# Round numbers up instead of down | C#

I'm performing some calculations and inserting the result into a database.

My problem is, that the answers I'm getting seem to be rounding down rather than up. This might not seem important but over the course of a lot of sales, the cents start adding up!!

``````          Decimal pubCut = rrp * (percentageCutD / 100);
Decimal retCut = rrp * retailerCut;
Decimal edcut = rrp * edpercentage;
``````

I'll be honest, I'm rubbish with figures and the whole Maths function was something I tried to avoid in college. Can anyone tell me how I can get these figures to round up as opposed to down?

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Can you please post the types of `rrp`, `percentageCutD`, `retailerCut` and `edpercentage`? –  Oded Nov 12 '10 at 9:01
Apologies, they are all decimal. –  109221793 Nov 12 '10 at 9:04
"the whole Maths function was something I tried to avoid in college". Back to college in that case, as this lack of knowledge will haunt you for the rest of your working life. –  Sjoerd Nov 12 '10 at 9:04
Your question seem to imply that C# will always round down when in fact C# will do "proper" rounding up or down to the nearest integer. A rounding problem may not necessarily be solved by always rounding up and if your problem is that the parts don't add up to the whole rounding up may introduce a new problem where the parts add up to more than the whole. –  Martin Liversage Nov 12 '10 at 9:26

Use `Math.Ceiling()` method.

``````double[] values = {7.03, 7.64, 0.12, -0.12, -7.1, -7.6};
Console.WriteLine("  Value          Ceiling          Floor\n");
foreach (double value in values)
Console.WriteLine("{0,7} {1,16} {2,14}",
value, Math.Ceiling(value), Math.Floor(value));
// The example displays the following output to the console:
//         Value          Ceiling          Floor
//
//          7.03                8              7
//          7.64                8              7
//          0.12                1              0
//         -0.12                0             -1
//          -7.1               -7             -8
//          -7.6               -7             -8
``````
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Your problem is this

``````(percentageCutD / 100)
``````

Since 100 is an int, it will perform integer division, so that 150/100 becomes 1. You can fix this by maksing sure that 100 is a decimal since you want a decimal as result in the end. Change your code to.

``````(percentageCutD / 100D)
``````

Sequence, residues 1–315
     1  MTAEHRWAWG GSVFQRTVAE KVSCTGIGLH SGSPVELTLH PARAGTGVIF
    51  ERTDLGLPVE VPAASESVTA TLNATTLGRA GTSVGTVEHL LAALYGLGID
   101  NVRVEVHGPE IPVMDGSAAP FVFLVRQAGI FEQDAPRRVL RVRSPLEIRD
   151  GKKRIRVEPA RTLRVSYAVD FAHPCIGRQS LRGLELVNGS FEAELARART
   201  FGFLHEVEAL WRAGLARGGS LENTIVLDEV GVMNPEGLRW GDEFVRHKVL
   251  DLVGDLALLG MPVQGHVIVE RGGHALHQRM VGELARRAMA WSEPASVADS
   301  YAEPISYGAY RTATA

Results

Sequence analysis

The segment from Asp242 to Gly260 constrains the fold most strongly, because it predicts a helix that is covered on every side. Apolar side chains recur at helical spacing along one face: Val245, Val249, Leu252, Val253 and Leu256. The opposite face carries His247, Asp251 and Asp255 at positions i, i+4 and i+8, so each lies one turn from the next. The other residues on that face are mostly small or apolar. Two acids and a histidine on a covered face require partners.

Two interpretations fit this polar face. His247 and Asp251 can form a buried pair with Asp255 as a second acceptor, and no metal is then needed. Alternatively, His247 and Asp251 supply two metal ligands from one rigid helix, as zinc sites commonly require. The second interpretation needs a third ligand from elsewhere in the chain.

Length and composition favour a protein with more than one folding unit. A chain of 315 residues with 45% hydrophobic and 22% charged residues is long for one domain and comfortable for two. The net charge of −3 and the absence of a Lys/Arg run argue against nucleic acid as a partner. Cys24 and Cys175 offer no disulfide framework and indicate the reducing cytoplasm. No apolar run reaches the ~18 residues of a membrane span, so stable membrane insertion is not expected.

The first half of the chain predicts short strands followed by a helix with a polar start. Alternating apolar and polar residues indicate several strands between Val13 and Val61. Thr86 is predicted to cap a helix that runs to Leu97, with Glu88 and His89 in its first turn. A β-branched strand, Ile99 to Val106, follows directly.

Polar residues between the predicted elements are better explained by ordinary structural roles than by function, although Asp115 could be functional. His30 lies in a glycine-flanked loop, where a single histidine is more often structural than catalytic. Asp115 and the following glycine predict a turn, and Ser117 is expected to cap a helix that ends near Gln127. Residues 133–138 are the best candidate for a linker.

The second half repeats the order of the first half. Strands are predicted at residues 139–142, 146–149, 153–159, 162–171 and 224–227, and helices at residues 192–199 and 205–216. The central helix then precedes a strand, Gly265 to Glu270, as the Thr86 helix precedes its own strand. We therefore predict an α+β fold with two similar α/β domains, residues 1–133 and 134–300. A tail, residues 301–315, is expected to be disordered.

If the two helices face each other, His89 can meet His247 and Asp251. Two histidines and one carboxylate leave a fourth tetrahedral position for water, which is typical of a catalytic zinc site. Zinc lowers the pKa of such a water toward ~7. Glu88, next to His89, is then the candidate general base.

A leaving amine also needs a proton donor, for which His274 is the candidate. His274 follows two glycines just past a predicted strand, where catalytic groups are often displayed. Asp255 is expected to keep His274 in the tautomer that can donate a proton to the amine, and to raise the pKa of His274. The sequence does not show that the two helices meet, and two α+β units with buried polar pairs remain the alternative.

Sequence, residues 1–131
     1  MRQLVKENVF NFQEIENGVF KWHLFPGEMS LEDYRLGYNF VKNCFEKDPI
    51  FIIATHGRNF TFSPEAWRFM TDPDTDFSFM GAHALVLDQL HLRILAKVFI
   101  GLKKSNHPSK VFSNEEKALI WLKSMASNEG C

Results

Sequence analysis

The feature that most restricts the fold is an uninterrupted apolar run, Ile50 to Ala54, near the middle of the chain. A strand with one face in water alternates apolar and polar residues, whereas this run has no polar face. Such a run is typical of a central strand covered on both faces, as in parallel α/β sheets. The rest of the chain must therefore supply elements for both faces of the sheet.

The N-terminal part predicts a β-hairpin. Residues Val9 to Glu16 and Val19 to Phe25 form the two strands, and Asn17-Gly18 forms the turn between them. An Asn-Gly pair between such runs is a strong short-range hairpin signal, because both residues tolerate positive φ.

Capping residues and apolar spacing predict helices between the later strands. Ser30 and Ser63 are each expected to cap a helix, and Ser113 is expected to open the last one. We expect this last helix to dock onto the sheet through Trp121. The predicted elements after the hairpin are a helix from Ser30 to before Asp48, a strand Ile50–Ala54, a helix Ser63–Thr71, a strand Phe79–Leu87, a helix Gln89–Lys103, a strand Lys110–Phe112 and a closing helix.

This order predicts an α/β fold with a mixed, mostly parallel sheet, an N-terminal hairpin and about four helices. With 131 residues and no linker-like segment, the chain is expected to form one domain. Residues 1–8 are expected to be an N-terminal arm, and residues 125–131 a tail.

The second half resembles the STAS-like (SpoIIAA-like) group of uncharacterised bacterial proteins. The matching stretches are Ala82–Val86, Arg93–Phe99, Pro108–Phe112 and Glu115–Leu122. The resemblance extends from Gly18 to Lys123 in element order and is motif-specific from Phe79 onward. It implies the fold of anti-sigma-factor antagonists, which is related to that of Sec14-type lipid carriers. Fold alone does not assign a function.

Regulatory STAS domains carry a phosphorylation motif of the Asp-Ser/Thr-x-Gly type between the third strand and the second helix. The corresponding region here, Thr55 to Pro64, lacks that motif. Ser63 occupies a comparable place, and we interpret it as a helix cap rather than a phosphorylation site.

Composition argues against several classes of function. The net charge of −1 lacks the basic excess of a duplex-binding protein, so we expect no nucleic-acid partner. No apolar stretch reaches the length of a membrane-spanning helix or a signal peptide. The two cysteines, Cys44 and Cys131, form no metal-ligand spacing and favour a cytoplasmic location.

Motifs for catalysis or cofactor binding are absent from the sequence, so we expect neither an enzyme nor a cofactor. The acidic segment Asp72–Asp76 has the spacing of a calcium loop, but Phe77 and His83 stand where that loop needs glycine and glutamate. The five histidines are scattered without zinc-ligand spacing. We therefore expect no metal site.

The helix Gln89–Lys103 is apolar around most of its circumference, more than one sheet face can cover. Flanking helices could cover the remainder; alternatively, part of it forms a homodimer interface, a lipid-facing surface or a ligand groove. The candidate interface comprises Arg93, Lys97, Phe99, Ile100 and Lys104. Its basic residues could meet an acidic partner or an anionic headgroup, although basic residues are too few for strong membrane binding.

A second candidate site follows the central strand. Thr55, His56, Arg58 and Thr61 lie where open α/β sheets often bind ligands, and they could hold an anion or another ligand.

However, if you always want to round values even like 1.1 up to 2, then you will have to use `Math.Ceiling` to accomplish this. If you for some reason want to avoid the `Math` class (I can't see why you want to do it, you can add 1 to the result and cast it to an `int` to effectively round up to the nearest integer.

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@Øyvind Bråthen - Integer division will only occur if `percentageCutD` is also an Integer. As it stands there is not enough information in the question. –  Oded Nov 12 '10 at 9:02
if percentageCutD is of type double or decimal then the devision will be fine –  Liviu M. Nov 12 '10 at 9:03
and then use Math.Ceiling() to round up :) –  KBoek Nov 12 '10 at 9:03
I just assumed that it was an int because the OP said that it rounded down, and he hasn't written any code to round up or down at all. So my assumption then was that there is an integer division going on here. But I might of course be wrong. The OP can conirm this hopefully. –  Øyvind Knobloch-Bråthen Nov 12 '10 at 9:06
percentageCutD is of type Decimal. I'll use Math.Ceiling(). Thanks for your reply. –  109221793 Nov 12 '10 at 9:09

Are you perhaps looking for Math.Ceiling?

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.Net's Math.Round function uses something commonly referred to as banker's rounding which works by rounding .5 to the nearest even integer, ie 22.5 = 22 and 23.5 = 24. This gives a more even distribution when rounding.

It's also worth noting the SQL server doesn't use bankers rounding

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Or, you could just add 0.49 to the result before rounding down... bet Ceiling is the right way to go ;)

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Round number up to the nearest whole number by using System.Math's Ceiling method.

For example:

``````Decimal retCut = Math.Ceiling(rrp * edpercentage);
``````

Therefore, if edpercentage is 5, and rrp is 20.23, the rounded result would be 102 instead of 101.15

Is that what you're looking for?

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Your incomming percentages probably don't add to 100 %. Compute one of your fractions by substracting the sum of the other fractions from the total.

``````var v = 100D;
var p1 = 33D/100;
var p2 = 33D/100;
var p3 = 33D/100;
var v1 = p1*v;
var v2 = p2*v;
var v3 = p3*v;
var sum = v1 + v2 + v3;
``````

Unfortunately `sum` is 99 and not 100.

You can compute `v3` like this instead:

``````var v3 = v - (v1 + v2);
``````

Or better fix the rounding error in the incomming percentages:

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